This week, the Hudson bloggers tackle a topic that's been in the news a lot lately—LIBOR.
We got interest rate insurance for a rainy day, and guess what, it’s raining. On 10/13/08, LIBOR (a key interest rate – measures how much banks charge each other for loans) was 4.56%. We just made $5,000. Or, saved $5,000, depending on if you’re a glass half full or glass half empty kind of person. How did we do it and can you do it, too? Just send us three easy installments of $19.95 and we’ll send you our book and audiocassette. Or read Week 27’s posting along with this one. Oh, and you’ll need a 54,000-square foot development project, too.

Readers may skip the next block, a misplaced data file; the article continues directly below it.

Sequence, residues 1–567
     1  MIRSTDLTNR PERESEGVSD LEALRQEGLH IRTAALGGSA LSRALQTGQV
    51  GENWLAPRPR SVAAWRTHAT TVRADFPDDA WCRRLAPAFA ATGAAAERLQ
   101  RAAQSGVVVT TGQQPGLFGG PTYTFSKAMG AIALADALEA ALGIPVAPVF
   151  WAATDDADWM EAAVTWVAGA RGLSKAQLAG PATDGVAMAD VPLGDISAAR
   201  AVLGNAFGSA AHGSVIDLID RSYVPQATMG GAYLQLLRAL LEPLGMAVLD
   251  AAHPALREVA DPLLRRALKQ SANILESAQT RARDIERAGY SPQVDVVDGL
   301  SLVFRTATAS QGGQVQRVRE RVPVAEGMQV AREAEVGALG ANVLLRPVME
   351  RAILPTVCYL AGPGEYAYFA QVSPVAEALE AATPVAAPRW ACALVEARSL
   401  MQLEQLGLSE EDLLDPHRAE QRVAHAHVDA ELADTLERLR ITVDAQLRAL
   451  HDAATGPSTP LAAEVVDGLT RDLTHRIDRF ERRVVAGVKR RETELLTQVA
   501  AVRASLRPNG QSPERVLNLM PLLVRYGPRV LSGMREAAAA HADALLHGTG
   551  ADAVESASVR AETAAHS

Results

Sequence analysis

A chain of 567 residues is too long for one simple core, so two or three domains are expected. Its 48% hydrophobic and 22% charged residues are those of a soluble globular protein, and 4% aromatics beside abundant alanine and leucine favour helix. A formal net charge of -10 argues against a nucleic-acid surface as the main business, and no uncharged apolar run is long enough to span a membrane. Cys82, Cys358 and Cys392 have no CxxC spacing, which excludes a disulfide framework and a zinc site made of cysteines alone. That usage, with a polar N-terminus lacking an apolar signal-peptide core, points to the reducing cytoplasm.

Remember back in Week 27, when we talked about swaps/caps/collars? A quick refresher: Our loan is a floating loan, the interest rate adjusts daily. In order to go to sleep at night, there are things we can do to minimize our interest rate risk. A swap is exchanging a floating interest rate for a fixed rate for part or all of your debt. A cap is a ceiling on a floating interest rate. If LIBOR’s rate goes higher than the capped rate then the bank pays you back that increment. A collar is a floor on a floating interest rate; if you agree to a floor, then the bank’s risk is reduced and sometimes they won’t charge you a fee for the cap. In the end, we went with just an interest cap. Interest rates were low but trending up so we considered the cap an insurance policy against a tremendous rise in interest rates. We paid a fee and secured a 4.00% cap on the LIBOR rate during the course of our construction loan; no matter how high the LIBOR rate might go, the most we’ll pay is 4%.